The rate of adoption of mobile broadband started increasing rapidly across Asia with the overall increase in mobile penetration combined with networks being progressively upgraded to next generation platforms. The initial wave of 3G services took a while before it saw any substantial growth in wireless data services across the wider regional markets; however, as 3G moves towards 4G and as speeds increase, as service improves and as content providers offer more. In South Asia, in particular, more people own a mobile phone than a PC, giving the delivery of mobile data services huge potential there.

By early 2012 Asia had a mobile broadband penetration of 11%; this represented 460 million mobile broadband subscribers in the region; two of Asia’s markets – South Korea and Singapore – had more mobile broadband subscribers than population by end 2011; Japan was not far behind on 90% mobile broadband penetration at the time.

The 3G licensing process and the progressive launch of 3G services in Asia is already well advanced. However, a few countries had been particularly slow in opening up their 3G markets. But by 2012 the last significant player to embrace 3G, the recalcitrant Thailand, was finally making substantial progress along this path.

For broadband internet generally – the combination of fixed and mobile - Asia makes a strong claim to be leading the world when it comes to its development. Broadband in its various forms has indeed been a fast growing segment in the Asian market. The energetic expansion of broadband has certainly been more of a phenomenon in the developed economies of the region, but most of the relatively poorer developing countries of the region are increasingly adopting broadband at a rapid rate. Te choice of technology platform varies across the region.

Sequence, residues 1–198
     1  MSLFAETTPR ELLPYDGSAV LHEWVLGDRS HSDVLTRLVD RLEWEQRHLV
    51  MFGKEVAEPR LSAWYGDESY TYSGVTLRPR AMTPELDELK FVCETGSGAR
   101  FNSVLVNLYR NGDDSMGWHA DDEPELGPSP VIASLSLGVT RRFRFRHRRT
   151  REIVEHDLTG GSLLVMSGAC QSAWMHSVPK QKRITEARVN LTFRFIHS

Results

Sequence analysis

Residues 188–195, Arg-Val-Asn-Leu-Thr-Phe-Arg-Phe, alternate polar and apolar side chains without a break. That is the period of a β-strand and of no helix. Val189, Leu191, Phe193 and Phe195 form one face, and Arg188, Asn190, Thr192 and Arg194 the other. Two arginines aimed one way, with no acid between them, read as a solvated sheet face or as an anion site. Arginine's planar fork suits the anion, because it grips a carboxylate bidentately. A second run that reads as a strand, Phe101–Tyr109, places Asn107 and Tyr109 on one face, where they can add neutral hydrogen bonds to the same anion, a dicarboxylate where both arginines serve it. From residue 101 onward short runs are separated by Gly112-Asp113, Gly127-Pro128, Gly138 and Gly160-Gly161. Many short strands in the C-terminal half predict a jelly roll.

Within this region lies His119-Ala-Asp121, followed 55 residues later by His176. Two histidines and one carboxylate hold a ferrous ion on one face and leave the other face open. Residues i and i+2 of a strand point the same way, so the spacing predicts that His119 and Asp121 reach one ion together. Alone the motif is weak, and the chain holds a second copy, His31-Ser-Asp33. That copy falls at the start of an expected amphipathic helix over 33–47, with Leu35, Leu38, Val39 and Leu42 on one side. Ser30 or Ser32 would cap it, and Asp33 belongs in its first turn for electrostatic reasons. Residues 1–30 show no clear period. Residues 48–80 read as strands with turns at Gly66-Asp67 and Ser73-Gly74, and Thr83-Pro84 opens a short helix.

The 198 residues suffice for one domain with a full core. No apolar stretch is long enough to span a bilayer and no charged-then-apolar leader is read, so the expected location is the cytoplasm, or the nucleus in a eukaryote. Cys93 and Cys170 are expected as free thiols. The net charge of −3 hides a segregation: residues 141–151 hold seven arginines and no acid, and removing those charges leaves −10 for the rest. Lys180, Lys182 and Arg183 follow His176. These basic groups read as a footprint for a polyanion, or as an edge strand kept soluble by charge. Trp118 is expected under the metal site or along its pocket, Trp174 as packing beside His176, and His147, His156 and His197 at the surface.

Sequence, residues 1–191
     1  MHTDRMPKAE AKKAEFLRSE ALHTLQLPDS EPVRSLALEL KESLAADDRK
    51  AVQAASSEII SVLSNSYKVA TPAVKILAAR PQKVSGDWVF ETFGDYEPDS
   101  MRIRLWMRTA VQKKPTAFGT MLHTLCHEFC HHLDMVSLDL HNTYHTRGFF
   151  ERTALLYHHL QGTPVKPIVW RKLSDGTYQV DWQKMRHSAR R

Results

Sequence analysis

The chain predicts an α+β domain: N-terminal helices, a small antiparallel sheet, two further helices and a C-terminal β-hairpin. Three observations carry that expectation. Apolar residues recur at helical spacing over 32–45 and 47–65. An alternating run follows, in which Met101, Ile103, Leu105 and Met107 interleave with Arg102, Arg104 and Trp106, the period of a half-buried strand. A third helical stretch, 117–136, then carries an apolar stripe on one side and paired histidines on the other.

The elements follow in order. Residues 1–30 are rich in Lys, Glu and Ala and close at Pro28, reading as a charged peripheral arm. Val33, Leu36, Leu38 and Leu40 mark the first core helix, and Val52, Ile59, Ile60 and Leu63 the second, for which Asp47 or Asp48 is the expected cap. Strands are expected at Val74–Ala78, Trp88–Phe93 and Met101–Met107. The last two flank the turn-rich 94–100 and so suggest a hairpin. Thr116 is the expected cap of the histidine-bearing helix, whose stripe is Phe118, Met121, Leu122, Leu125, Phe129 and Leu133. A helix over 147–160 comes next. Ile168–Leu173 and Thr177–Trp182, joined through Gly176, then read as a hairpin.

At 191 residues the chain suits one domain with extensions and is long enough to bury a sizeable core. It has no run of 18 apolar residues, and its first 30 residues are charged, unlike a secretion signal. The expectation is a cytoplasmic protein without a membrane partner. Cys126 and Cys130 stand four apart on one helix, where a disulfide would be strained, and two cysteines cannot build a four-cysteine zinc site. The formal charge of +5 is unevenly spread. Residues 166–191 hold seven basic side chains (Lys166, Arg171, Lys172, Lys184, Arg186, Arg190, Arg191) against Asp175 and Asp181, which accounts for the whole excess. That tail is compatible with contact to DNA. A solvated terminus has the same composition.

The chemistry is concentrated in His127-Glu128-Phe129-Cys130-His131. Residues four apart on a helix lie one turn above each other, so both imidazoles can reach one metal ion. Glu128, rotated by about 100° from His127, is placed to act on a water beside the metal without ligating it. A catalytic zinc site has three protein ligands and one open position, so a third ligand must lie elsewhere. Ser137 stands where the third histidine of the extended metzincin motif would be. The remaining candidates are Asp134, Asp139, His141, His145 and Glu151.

With DSL continuing to dominate the world’s fixed broadband market, Asia maintains its ranking as the leading DSL region with around 43% of the global DSL subscribers. In fact by end-2010 China claimed around an estimated 110 million of Asia’s 146 million DSL subscribers. In recent times, we have seen FttX as a growing alternative platform for broadband access in Asia. In the leading technology markets of Japan, South Korea and Taiwan, FttX has been displacing other forms of high speed internet access. DSL has dropped to just 20% of the broadband market in Japan. Asia, with 68 million fibre-based broadband connections by end 2011, accounted for around 80% of global subscriptions.

While there has been some activity in the providing of WiMAX networks, the real value of this platform is in its mobile form. Initial provisioning of mobile WiMAX in Asia has certainly commenced, but with a few exceptions the technology has not yet impacted on the mass market. In any event, in their various forms mobile wireless broadband systems are becoming a key feature of the broadband access landscape across Asia.

Over a number of decades the economies of Asia have progressively built substantial fixed-line national networks followed by national mobile networks. More recently the focus of infrastructure building has shifted to the upgrading of domestic telecom networks to Next Generation Networks (NGNs). This process has seen large scale investment by Asia’s leading telecoms markets in new-generation Internet Protocol (IP)-based telecommunications networks. The developed economies have each taken this a step further, rolling out a new fibre-based National Broadband Network (NBN) or its equivalent. Inevitably, those countries that have their government promoting the implementation of broadband strategies and backing new fibre-based roll-outs are the ones that are setting the pace. Even some of the lesser-developed markets are pushing hard on this front. Singapore and Malaysia provide two interesting case studies. In any event, those countries placing the emphasis on ensuring that the population has access to high speed broadband internet will be well prepared for the wider implementation of the digital economy.

Data in this report is the latest available at the time of preparation and may not be for the current year.